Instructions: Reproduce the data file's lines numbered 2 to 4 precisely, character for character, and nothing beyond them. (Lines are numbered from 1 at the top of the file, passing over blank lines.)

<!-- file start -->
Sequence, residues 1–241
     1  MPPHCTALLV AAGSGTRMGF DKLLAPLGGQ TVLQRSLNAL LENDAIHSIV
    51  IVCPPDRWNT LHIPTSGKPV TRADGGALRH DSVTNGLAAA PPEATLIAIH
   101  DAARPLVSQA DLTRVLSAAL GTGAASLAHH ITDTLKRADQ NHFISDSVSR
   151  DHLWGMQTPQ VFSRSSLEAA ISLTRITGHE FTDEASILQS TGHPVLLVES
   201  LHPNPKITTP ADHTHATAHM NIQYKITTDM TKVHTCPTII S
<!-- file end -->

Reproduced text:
     1  MPPHCTALLV AAGSGTRMGF DKLLAPLGGQ TVLQRSLNAL LENDAIHSIV
    51  IVCPPDRWNT LHIPTSGKPV TRADGGALRH DSVTNGLAAA PPEATLIAIH
   101  DAARPLVSQA DLTRVLSAAL GTGAASLAHH ITDTLKRADQ NHFISDSVSR